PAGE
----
Why didn't Mary Barra work with Tesla for Supercharger capability?

Why didn't Mary Barra work with Tesla for Supercharger capability?

With Tesla offering its patents ,associated technology and use (sharing in ) of Superchargers to its competition, makes me wonder why someone like GM didn't approach Tesla and work out a partnership to make the Bolt Supercharger capable to allow long distance travel, hence increase the transition to sustainable transport.
I'd like to hear Mary Barra's response to why GM didn't accept Tesla's open policy to be part of the Supercharger access and continued build out. That would have helped the Bolt's sales and helped the transition to electric cars.

Nexxus | 15 April, 2016

@David N

You're not getting GM's big picture here: They don't want EV's to be successful. They are building the Bolt as a compliance vehicle (only offering 30,000/year to meet the CAFE regulations). They want to maintain their dealerships with ICE vehicles that make money for them. EV's won't make them as much. If they were serious about EV's they would offer an unlimited amount based on demand. They won't do that and cannibalize their other suto sales. They owe their fealty to the gas and oil companies they started together with over 100 years ago. They just can't remove themselves from the old style of thinking.

PFP | 15 April, 2016

Cuz GM doesn't play well with others. Look at Lutz. They want it their way. That SAE combo thingy. They just want to stay in control of all facets of it so they can wring more money out of their customers. Also without a long distance network, they can keep people in ICE cars. More parts to sell. more repairs to make. More Oil Producers to satisfy.

carlk | 15 April, 2016

Because GM plan to sell only 30K car a year and likely at a loss. There is no incentive for it to spend more and to make the car more desirable. BTW if you have not noticed it yet the purpose of that 200 mile range is not to help sell more cars but an attempt to slap Tesla on the face for PR purposes. It failed miserably. GM realized now that it is no match for the Tesla brand for good reasons.

jordanrichard | 15 April, 2016

also, that 200 is not 200 EPA miles. They haven't certified it yet and this car is supposed to be on the road in at the most 7 months. I don't think I am alone here, but I believe Tesla, that the M≡ will be at least 215 EPA miles.

So I can only imagine that GM is trying to figure out a fairy tale condition in which to get an EPA rated 216 miles.

David, they don't want their customers to see that there is no need to buy another gas GM product. Additionally, Elon has said that in order for another car to use the superchargers, they have to be able to handle the power.

Red Sage ca us | 15 April, 2016

None of the traditional automobile manufacturers want to lend any credibility to Tesla Motors. That is part of why both Toyota and Daimler divested in TSLA. Any of them accepting the Supercharger network as a standard would be an admission of its superiority and necessity.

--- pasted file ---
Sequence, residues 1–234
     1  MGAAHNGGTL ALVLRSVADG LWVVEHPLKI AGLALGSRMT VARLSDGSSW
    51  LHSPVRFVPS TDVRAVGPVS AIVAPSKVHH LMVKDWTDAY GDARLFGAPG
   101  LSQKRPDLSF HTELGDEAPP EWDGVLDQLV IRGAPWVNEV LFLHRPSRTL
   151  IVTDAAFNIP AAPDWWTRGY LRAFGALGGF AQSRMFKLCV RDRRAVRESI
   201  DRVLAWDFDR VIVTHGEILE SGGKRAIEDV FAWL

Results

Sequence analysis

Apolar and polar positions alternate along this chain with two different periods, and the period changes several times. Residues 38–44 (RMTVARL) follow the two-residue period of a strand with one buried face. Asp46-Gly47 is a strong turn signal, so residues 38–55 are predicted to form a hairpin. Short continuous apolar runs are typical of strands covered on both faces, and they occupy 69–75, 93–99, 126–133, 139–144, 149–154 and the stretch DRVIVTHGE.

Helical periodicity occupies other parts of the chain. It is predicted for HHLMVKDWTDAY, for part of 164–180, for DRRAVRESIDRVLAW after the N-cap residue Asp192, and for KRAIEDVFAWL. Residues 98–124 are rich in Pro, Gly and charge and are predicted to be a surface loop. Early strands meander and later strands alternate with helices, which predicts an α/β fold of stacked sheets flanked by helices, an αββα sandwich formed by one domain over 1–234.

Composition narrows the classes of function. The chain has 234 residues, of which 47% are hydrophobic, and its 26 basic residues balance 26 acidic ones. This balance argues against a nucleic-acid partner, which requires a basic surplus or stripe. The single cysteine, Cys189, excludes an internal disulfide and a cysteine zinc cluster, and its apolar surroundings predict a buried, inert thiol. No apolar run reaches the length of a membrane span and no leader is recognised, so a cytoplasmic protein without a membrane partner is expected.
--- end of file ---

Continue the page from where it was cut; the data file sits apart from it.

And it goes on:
jordanrichard | 15 April, 2016

Red Sage +1. Each company, particularly the Germans and GM, like to make themselves out as the leader in X, Y, Z. When in reality Tesla is leading with the S, X and ≡.

Much of this has to do with saving face.

Rocky_H | 15 April, 2016

@Red Sage, +1
Yep, that is the real reason. It's based in arrogance. They must maintain that they are "the big boys", and Tesla is a pipsqueak. If they acknowledged that Tesla had something real that they needed, that would be a huge humbling move for them, and they cannot stand to legitimize Tesla that way.

carlk | 15 April, 2016

@Red Sage

+1. They have to do what they have do because Tesla forced their hands. What they really want to see is Tesla and this EV thing just die. They absolutely will not want to help Tesla to survive. The Toyota and Mercedes deals are great examples. They pulled off from Tesla soon as they realized it could be a threat to their business.

Red Sage ca us | 15 April, 2016

Again, I do not work at Tesla Motors... But I believe that Toyota and Mercedes-Benz each thought they could marginalize Tesla... Thought they could throw their weight around... Get things their way... Were certain they would be able to convince them to make battery packs and electric motors to be used in their hybrids and hydrogen fuel cell cars... Make them a sort of boutique brand under their own... That the little company would be happy to get guaranteed contracts and checks that would clear simply for having a little badge that read 'Powered by TESLA' (about the same size/shape as the old 'LOTUS Tuned Suspension' decals) on cars built by larger companies... Because, after all, it's just good business sense and it's all about thge money, right? Wow. I'd love to see a picture of the looks on their faces when Elon said, "No. We aren't going to do that."

Octagondd | 15 April, 2016

Just by referencing Tesla and taking a stab at them, they have shown the world that Tesla is a legitimate threat. You don't take pot shots at something that you don't think is a threat. They are very afraid that not only is the ICE Age over for their top end vehicles, which produce the most profit, but now they have to catch up to Japan and Korea in competing with the bottom of the market where profit margins are very slim. The price of gas will remain low as the sustainable energy market grows and the Arab nations continue to flood the market to stop more energy exploration. The only people buying ICE vehicles will be the low end market.

Octagondd | 15 April, 2016

High schools should start moving ICE Auto shop classes towards EV repair and High Voltage safety.

Red Sage ca us | 15 April, 2016